Yale pharmacology professor Barbara Ehrlich and her team have uncovered a mechanism driving a rare, lethal disease called Wolfram Syndrome and also a potential treatment. Their findings appear in the July 6 edition of Proceedings of the National Academy of Sciences.
Wolfram Syndrome — a progressive degenerative disease that affects about one in 500,000 people worldwide — is characterized by the onset of diabetes in childhood, and, in teen years, psychiatric symptoms, loss of vision, deafness, and incontinence. Most patients die in their 30s. There are no treatments.
The new study confirms that calcium inside the body’s cells play a key role, and proposes a potential treatment involving two existing drugs.
Specifically, Ehrlich’s team confirmed that when the protein Wolframin is lost in cells in the pancreas — the organ that produces insulin, which regulates blood sugar — “calcium signaling goes awry,” Ehrlich said. This, the team found, results in reduced cell viability and lower insulin secretion, which, in turn, triggers the debilitating symptoms of the disease.
The researchers tested a number of compounds for their effectiveness in restoring calcium signaling and improving cell functions, and found two drugs that worked — ibudilast and a calpain inhibitor. Ibudilast has been approved for nearly 20 years to treat asthma in South Korea and Japan. It is now being tested in a number of clinical trials in the U.S., including for possible treatment of multiple sclerosis (MS) and amyotrophic lateral sclerosis (ALS), and, in a trial underway at Yale, for COVID-19.
Some 99% of the body’s calcium can be found in the bones and teeth. The other 1% — found in solution inside cells and bodily fluids — supports a variety of critical biological functions, said Ehrlich. It is this latter form of calcium that her lab has scrutinized in relation to Wolfram Syndrome. This fluid-based calcium is necessary for muscle contraction, nerve function, and insulin secretion, she said.
“Calcium is a signaling molecule,” Ehrlich said. “It will signal, for instance, when insulin should be secreted.”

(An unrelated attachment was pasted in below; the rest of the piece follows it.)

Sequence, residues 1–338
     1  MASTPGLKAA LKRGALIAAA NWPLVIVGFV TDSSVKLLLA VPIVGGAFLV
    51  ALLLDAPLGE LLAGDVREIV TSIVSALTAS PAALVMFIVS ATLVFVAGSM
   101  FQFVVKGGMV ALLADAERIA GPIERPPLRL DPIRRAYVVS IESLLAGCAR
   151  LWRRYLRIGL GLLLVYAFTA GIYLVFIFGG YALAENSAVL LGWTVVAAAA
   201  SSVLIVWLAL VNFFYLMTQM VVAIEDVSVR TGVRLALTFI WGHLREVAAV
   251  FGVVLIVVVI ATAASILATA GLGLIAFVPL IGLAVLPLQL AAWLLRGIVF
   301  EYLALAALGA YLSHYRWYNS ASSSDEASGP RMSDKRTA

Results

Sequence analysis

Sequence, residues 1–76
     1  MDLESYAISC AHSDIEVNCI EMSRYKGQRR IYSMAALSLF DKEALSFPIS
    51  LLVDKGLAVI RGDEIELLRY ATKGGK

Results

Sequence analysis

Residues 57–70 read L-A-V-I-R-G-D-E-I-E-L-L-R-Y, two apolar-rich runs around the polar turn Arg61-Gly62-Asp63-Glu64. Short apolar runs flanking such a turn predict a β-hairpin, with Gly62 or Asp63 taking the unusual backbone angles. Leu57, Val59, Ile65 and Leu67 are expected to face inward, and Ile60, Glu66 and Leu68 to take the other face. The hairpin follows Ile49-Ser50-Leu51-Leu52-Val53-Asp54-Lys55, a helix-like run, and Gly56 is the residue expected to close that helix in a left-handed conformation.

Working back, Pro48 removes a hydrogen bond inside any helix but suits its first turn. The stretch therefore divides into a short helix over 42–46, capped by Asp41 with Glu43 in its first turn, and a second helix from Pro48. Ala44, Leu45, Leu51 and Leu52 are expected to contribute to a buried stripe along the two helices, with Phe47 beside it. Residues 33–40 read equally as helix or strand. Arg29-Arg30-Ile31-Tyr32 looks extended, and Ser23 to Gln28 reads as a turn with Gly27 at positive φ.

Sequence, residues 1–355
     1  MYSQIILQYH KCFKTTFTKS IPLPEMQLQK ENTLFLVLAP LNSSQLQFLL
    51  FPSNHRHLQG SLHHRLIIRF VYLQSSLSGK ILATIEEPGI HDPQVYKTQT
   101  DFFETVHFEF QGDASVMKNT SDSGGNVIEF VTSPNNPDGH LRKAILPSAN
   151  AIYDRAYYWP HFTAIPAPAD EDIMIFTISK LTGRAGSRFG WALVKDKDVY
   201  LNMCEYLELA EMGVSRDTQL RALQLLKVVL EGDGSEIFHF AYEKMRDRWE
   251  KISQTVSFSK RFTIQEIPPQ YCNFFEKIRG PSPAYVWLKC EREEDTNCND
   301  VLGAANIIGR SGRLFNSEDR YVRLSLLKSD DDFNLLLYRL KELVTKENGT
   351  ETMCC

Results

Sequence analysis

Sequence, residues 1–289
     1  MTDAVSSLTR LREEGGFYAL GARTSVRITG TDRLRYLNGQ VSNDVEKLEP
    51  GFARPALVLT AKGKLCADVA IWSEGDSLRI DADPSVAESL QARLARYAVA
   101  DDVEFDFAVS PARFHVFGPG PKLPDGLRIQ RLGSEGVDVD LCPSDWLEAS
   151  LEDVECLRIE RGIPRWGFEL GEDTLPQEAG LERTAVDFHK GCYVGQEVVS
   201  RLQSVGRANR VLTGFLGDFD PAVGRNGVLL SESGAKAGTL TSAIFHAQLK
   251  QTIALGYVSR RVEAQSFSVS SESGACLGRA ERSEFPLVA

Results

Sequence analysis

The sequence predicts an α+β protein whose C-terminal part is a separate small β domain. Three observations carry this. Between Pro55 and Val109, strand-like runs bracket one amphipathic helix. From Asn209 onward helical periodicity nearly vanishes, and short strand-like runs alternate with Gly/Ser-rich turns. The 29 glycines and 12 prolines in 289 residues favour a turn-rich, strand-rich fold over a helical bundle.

Calcium signaling, in turn, is regulated by calcium-binding proteins, including neuronal calcium sensor-1 (NCS-1), a protein Ehrlich’s lab has studied for the past 20 years. When a research group from Europe proposed that NCS-1 was involved in Wolfram Syndrome pathology, Ehrlich started investigating the disease.
“The first step was to better understand what the protein Wolframin does,” said Tom T. Fischer, a medical student from Germany working in Ehrlich’s lab. “In our cell model that is lacking Wolframin, we measured intracellular calcium and found that calcium signaling as well as calcium-dependent cell functions, particularly insulin secretion and cell viability, were disrupted.”
They then tested a number of drug compounds and found that ibudilast and the calpain inhibitor restored intracellular calcium and cell functions, Fischer said.
With support from the Blavantik Fund for Innovation at Yale, Ehrlich’s team will begin a mouse study within the next six months to further confirm the effectiveness of the drugs in correcting calcium signaling and preventing the progression of Wolfram Syndrome. If the results of the animal study show promise, the researchers said, they could move quickly into human trials.
Although Wolfram Syndrome is a rare disease caused by genetic mutations in a single gene, it is tied to a number of other diseases that could be viable targets for this treatment, including diabetes and bipolar disorder, the researchers said.
“Some people with bipolar disorder also have mutations in Wolframin,” Ehrlich said. “This might be one of the first genetically identified mood disorders — and we will definitely be exploring this more.”
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